LOOKING BACK extra - December 20, 2018 edition

Stretton under Fosse airfield

Thursday, 20th December 2018, 9:48 pm
Updated Thursday, 10th January 2019, 9:31 am

Continuing our WWI theme of the past few weeks, thank you to David Collins, who has written this piece about Stretton under Fosse airfield.

This plaque on the village hall from the Airfields of Britain Conservation Trust commemorates Stretton under Fosse Airfield, a 2nd Class Night Landing Ground operational from October 1916 until May 1917 for the use of No. 38 Home Defence Squadron of the Royal Flying Corps.

Its precise location is uncertain, being little more than a grass field cleared of obstacles like hedges some 40 acres in extent and was either to the west of the Fosse Way (B4555) or between the Fosse Way and the Lutterworth Road (B4027), south of Ashton Lodge, Street Ashton.

2nd Class Landing Grounds allowed landings from most directions but surfaces were irregular in some places with obstacles on some approaches.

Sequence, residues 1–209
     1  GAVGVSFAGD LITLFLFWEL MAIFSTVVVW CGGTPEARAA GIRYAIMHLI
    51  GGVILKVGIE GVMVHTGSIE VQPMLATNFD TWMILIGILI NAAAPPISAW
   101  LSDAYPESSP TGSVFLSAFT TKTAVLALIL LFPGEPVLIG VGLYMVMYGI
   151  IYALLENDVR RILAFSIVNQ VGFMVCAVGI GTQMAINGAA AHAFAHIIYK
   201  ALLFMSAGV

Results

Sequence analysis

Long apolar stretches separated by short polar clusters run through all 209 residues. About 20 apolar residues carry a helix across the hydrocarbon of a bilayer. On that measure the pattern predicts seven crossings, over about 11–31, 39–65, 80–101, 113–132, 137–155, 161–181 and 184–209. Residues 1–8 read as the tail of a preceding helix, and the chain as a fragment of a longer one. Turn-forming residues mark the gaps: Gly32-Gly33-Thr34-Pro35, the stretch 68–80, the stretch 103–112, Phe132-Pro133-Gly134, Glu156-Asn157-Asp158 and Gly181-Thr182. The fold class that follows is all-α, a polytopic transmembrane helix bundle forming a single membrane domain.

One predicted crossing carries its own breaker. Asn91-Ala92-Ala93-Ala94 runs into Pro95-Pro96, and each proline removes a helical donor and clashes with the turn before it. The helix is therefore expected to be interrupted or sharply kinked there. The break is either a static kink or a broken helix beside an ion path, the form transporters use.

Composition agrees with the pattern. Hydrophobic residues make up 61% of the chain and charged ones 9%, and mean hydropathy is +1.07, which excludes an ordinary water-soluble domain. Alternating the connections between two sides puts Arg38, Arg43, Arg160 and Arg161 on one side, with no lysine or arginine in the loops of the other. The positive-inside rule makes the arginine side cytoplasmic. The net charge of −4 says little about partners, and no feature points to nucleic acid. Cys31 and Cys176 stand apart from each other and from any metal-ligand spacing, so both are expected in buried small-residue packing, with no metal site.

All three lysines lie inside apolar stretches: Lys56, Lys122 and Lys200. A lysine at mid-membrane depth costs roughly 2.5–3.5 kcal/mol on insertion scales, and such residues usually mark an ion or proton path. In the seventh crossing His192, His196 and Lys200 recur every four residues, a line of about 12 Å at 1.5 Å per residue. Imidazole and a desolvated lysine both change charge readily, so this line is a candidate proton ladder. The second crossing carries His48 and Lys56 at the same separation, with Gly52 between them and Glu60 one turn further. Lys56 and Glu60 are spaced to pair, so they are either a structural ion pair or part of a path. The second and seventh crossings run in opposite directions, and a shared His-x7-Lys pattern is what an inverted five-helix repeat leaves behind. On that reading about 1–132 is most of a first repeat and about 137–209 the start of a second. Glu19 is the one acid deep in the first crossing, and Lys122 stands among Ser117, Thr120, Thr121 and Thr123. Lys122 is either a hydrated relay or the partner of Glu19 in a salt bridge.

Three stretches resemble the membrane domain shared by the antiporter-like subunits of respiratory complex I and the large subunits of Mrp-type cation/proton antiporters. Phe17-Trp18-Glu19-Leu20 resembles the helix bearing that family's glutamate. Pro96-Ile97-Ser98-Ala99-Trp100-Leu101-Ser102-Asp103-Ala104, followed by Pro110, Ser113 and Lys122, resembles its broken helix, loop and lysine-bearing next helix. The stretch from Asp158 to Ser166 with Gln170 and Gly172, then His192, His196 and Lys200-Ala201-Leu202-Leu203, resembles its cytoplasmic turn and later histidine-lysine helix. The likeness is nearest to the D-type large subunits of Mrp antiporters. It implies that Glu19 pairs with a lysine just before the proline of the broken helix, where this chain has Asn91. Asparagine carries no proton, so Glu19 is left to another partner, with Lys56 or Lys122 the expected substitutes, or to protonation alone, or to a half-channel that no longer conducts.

No. 38 Squadron was formed at Castle Bromwich in May 1916 but moved to Melton Mowbray. They initially attacked Zeppelin airships, with first bombs and Ranken darts and then exploding machine gun bullets and later German aircraft with machine guns.

The airfield was for use in an emergency, like engine failure, and lit by ground flares ignited by volunteers until the end of 1916 when detachments of the Royal Defence Corps took over using paraffin flares.

Early in 1916 a system using the National telephone service was introduced. On receipt of a warning of enemy airships/aircraft leaving Germany, messages were passed to Districts into which the country had been divided alerting them to a possible raid to enable Air Defence Squadron fighters to take off and climb to a height above that of the approaching enemy.